‘Nationhood’ needs to be addressed: Liberal Exec

Goulais to introduce LPC resolution

NIPISSING FIRST NATION – “There are Nations within Canada,” said Bob Goulais, executive with the Nipissing-Timiscaming Federal Liberal Association in Northern Ontario and aboriginal member of the Liberal Party of Canada, “It will be up to the Liberal Party of Canada to debate and address these questions because the Conservatives won’t even go there.”
According to Goulais, this controversial issue has plagued the party as well as the country for far too long.
The whole question of nationhood was addressed this weekend at the Quebec assembly of the Liberal Party of Canada, where the delegates passed a resolution recognizing Quebec as a nation.
“There is no question Quebec’s nationhood status in Canada should be debated,” said Goulais, an Anishinaabe from Nipissing First Nation and Chief of Staff for the Union of Ontario Indians’ office of the Grand Council Chief.  “We all know First Nations have long sought for recognition as nations within Canada.”
Goulais announced he will table a resolution with the Aboriginal Peoples’ Commission of the LPC at the Party convention which begins at the end of November and concludes with the vote for the Party Leader on Dec. 1, 2006.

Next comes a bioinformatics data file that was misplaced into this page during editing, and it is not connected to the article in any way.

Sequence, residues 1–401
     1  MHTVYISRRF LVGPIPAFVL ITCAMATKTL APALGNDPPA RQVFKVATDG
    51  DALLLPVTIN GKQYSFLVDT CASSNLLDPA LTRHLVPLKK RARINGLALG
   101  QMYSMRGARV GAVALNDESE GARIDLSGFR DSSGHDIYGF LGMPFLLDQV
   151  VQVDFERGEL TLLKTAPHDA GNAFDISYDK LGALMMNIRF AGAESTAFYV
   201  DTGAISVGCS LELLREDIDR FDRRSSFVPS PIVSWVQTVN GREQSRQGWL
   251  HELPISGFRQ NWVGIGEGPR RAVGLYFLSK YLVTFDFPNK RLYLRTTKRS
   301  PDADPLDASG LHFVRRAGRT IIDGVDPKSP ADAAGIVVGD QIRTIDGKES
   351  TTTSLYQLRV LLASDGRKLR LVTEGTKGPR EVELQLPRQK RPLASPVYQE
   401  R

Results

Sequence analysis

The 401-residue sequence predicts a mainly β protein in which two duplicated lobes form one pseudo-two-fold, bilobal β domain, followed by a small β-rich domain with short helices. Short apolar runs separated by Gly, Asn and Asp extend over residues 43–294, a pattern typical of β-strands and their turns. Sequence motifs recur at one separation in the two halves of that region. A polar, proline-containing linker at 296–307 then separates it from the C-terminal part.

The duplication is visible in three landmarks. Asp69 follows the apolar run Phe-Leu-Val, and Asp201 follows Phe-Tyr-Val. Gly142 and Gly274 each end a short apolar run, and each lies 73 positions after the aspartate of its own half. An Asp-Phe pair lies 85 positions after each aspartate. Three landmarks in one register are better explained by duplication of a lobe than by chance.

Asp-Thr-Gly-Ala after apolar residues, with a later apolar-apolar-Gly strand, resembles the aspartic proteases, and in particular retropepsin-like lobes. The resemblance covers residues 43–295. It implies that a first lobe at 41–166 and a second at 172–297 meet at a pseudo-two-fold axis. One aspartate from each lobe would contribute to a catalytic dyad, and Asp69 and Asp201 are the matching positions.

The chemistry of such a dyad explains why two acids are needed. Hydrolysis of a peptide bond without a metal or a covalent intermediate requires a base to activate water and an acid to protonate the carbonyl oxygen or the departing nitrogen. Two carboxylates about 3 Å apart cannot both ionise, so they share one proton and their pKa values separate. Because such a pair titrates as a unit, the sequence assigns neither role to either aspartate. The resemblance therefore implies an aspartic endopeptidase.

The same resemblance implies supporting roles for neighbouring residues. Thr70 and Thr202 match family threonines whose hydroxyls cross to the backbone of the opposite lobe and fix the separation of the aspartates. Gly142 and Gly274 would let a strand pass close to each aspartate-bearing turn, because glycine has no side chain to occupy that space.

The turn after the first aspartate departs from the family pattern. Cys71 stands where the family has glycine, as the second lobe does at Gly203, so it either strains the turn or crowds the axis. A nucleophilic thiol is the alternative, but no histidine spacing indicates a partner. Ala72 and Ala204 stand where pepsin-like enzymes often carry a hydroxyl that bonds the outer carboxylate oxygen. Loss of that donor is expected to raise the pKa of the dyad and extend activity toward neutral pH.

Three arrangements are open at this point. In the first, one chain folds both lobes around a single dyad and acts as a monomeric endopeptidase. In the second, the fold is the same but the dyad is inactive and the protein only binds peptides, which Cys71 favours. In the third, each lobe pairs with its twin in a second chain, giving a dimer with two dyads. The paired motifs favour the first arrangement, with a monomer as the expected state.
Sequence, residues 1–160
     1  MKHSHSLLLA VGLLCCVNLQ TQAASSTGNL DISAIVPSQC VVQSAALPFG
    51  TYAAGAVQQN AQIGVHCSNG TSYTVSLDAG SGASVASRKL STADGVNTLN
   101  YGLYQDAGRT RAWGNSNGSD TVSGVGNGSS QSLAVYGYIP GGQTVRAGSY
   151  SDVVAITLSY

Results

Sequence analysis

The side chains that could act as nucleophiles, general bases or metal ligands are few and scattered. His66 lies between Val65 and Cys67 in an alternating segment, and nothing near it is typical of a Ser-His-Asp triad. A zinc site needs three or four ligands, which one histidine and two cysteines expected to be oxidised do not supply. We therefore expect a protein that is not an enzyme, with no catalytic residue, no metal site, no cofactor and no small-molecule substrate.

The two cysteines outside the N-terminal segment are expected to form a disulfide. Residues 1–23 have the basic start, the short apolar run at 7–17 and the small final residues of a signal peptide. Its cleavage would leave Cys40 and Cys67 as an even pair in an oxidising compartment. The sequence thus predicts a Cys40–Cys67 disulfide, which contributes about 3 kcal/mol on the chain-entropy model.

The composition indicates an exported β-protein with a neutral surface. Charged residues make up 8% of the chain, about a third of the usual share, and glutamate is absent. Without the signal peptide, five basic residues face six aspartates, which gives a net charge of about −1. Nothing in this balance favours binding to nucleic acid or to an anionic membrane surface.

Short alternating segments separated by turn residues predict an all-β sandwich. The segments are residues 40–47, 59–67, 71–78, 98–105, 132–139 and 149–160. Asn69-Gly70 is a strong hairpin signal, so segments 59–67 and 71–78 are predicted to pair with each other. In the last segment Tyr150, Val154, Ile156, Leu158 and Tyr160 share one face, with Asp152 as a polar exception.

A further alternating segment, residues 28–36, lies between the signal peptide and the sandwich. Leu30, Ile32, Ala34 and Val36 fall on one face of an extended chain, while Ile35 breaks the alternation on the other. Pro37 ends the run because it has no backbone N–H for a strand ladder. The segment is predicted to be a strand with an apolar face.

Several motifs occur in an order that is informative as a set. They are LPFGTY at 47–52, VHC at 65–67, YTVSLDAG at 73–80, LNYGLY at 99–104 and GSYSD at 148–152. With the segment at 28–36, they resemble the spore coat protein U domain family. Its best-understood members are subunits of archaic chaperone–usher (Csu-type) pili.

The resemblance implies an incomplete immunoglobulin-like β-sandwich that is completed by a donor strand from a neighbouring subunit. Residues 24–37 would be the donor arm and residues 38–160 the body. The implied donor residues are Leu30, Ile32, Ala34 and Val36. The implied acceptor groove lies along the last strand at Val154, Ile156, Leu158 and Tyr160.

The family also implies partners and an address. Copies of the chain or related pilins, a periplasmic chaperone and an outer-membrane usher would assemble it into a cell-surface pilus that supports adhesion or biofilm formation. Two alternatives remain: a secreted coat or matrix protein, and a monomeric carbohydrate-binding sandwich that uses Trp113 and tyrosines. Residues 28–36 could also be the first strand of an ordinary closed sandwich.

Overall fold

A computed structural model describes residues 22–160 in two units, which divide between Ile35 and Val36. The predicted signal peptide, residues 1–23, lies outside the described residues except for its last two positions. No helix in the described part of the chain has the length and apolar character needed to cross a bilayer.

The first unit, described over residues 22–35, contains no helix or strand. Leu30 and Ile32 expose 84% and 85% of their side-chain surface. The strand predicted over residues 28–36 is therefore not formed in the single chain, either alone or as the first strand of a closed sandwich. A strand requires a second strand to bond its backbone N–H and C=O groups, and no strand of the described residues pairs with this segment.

“I will propose a resolution mandating that First Nations issues become a top priority of the Liberal Party of Canada including the recognition of First Nations as Nations-within-a-Nation, and the recognition of First Nations governments as a legitimate third order of Government within Canada,” he said.
Goulais is pleased to see the leadership candidates speaking out on the issue on nationhood, in this case Quebec. But First Nations nationhood also needs to be addressed and ultimately supported by the Liberals.
“Part of the solution to eliminating First Nations poverty and third world conditions is formal recognition of our governments on a Nation-to-Nation basis,” he said.
“Last year, the Liberal government had taken significant steps towards this goal which must continue with the new leader, whoever that may be,” said Goulais.
In addition to holding a First Ministers’ Meeting on Aboriginal Issues and passing the Kelowna Accord, then Prime Minister Paul Martin signed a “Recognition of First Nations Governments” Accord with the AFN in May 2005 and a “Transformative Change” Accord with the Government of British Columbia and BC First Nations in November 2005.
“This Liberal legacy needs to be seen to fruition,” concluded Goulais.

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Bob Goulais
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www.bobgoulais.com

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